Back to School is the time to get tested before Fall Allergy Season begins

As Americans return to work and school from summer vacation, the fall allergy season will begin to impact many of the nearly 50 million allergy sufferers across the country. According to the Asthma and Allergy Foundation of America, Americans lost more than 6 million work and school days in 2018, costing about $18 billion. While this is a busy time for many, we recommend that those suffering take control of their allergy symptoms by getting tested before symptoms are present.

A key step in understanding what triggers your symptoms is with an allergy test. Through a series of gentle skin pricks, a patient’s skin is exposed to geographically specific seasonal and perennial allergens plus common indoor allergy triggers. Evaluation of the skin’s reaction identifies the allergens to target for each individual.

“For almost any medical condition, early detection often yields the best results. Allergies should be treated no differently,” said Dr. Frederick M. Schaffer, chief medical officer of United Allergy Services. “As allergy sufferers know, a rise in allergy symptoms typically coincides with an increase in medication use. Because the presence of antihistamines can impact the accuracy of test results, we try to encourage people to get tested before their allergy triggers are in the air.”

While allergic triggers vary between regions and patients, the most common cause this time of year is ragweed, a common allergen that can travel for hundreds of miles and has a pollination season that continues to lengthen.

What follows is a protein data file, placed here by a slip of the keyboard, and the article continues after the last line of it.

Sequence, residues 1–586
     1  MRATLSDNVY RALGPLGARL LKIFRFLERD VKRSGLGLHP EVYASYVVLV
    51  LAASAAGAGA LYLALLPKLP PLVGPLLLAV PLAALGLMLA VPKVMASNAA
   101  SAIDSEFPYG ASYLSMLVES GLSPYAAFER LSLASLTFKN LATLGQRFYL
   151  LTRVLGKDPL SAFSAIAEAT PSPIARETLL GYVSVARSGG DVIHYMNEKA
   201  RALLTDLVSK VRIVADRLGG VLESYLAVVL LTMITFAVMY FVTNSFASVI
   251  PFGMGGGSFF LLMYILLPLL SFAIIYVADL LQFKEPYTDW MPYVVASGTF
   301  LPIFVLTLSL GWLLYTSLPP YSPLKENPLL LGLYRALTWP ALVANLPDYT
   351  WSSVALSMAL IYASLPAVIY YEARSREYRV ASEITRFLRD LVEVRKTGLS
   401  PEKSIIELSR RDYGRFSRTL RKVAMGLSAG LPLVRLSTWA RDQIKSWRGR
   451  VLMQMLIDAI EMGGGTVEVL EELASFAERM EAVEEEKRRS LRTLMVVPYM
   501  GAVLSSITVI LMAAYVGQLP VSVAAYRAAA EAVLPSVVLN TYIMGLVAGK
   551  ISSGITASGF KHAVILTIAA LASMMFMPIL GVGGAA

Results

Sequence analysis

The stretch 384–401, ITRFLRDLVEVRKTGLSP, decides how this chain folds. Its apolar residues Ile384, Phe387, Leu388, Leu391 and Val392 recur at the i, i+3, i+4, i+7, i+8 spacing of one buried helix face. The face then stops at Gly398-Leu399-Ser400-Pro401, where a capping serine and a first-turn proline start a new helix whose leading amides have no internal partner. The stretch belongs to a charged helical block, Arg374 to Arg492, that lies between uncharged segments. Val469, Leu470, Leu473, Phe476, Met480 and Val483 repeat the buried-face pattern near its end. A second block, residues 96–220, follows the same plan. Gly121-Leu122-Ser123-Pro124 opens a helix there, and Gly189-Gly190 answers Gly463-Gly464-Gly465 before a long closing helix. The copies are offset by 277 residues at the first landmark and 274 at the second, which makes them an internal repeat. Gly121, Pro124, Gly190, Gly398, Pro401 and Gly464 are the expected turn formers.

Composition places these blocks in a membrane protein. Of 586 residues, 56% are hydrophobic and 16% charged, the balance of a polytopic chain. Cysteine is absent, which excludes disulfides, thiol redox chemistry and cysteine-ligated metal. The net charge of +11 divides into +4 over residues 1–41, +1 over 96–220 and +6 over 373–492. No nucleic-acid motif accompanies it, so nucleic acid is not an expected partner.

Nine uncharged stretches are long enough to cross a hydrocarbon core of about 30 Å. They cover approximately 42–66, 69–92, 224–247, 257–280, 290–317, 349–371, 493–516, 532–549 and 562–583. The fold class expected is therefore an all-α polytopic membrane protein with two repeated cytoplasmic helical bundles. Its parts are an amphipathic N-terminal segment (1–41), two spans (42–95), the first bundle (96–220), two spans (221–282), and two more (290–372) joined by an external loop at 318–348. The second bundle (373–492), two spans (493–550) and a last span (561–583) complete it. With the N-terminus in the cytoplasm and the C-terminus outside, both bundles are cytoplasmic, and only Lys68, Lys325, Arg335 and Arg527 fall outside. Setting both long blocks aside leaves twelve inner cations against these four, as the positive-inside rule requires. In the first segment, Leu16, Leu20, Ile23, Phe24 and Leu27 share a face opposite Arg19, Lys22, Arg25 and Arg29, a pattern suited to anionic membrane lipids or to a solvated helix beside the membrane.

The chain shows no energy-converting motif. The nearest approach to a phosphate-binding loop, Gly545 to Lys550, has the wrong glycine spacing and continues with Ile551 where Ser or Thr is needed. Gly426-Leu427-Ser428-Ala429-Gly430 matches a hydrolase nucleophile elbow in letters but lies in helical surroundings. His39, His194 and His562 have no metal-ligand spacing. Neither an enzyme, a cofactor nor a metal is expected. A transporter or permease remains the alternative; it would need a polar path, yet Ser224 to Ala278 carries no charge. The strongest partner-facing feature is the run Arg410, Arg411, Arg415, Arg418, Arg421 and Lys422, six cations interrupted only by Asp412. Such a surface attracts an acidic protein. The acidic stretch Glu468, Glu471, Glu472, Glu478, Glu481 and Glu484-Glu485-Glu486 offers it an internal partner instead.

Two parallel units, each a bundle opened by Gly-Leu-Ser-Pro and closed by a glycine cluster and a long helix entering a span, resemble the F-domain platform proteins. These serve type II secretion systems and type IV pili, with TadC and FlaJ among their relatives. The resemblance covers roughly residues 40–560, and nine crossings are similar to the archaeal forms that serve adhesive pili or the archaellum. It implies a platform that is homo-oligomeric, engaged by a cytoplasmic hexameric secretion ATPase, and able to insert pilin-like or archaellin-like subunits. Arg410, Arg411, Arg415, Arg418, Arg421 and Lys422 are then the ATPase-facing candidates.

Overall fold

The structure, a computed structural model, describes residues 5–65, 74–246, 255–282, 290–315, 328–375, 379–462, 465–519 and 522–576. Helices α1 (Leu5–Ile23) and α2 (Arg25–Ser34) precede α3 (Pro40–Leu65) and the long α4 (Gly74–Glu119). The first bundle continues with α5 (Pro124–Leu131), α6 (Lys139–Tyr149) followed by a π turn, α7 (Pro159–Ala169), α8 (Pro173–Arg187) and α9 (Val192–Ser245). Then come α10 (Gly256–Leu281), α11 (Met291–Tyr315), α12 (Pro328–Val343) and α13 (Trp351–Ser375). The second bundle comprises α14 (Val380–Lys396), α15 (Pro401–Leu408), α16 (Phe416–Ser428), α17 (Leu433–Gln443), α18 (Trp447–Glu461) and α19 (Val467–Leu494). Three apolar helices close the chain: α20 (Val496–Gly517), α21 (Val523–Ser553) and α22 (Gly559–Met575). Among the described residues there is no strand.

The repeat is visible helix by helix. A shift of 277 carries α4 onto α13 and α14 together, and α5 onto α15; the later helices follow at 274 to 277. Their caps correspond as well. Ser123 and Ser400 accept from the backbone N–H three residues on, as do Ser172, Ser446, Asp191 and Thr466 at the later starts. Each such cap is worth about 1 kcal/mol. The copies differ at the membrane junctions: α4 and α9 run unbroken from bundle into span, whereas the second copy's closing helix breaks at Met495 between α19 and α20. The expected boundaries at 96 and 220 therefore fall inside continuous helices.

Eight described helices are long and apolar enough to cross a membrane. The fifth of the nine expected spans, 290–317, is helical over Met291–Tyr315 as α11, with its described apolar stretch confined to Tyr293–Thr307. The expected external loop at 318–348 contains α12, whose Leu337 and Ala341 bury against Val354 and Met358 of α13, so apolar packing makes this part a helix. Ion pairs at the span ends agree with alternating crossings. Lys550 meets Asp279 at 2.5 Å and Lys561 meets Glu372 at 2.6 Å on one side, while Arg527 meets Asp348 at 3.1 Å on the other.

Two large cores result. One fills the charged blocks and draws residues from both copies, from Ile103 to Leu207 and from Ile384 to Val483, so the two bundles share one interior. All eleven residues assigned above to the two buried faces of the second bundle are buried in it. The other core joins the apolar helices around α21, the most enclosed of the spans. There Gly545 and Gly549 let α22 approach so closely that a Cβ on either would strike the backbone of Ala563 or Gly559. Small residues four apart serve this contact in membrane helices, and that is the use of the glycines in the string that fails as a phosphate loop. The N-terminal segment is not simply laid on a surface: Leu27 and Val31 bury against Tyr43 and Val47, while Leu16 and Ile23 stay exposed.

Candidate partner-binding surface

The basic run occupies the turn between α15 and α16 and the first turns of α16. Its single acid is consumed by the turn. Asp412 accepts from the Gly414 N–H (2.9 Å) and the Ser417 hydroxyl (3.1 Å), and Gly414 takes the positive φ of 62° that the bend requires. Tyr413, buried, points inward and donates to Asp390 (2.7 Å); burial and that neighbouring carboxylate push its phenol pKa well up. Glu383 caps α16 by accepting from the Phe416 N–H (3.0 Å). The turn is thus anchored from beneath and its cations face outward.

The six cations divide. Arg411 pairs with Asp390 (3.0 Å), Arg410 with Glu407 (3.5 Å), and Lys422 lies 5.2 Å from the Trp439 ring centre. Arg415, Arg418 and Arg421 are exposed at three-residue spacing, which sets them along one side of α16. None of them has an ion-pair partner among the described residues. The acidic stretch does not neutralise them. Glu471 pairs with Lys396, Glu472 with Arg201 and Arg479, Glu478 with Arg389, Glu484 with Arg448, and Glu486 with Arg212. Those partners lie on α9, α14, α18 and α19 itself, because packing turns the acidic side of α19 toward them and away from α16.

Once test results are analyzed, a patient has several options for treatment. The most effective option is immunotherapy, with up to 85% seeing improvement through the course of treatment. Through treatments like ours, patients can undergo immunotherapy at home while under the care of a general practitioner, taking control of their allergies and working towards long-term relief from their symptoms. While we recommend at least three years of treatment for patients to experience long-term results, many experience some symptom relief after the first 12 months, which could be good news for when fall allergy season comes around next year.

 

Sources:

CDC, Gateway to Health Communication and Social Marketing Practice, Allergies, 2018
Asthma and Allergy Foundation of America, Fall Allergy Capitals report, 2018
U.S. Environmental Protection Agency, Climate Change Indicators: Ragweed Pollen Season, 2016
“Allergen-specific immunotherapy provides immediate, long-term and preventive clinical effects in children and adults,” Jacobsen et al. Clinical and Translational Allergy, 2012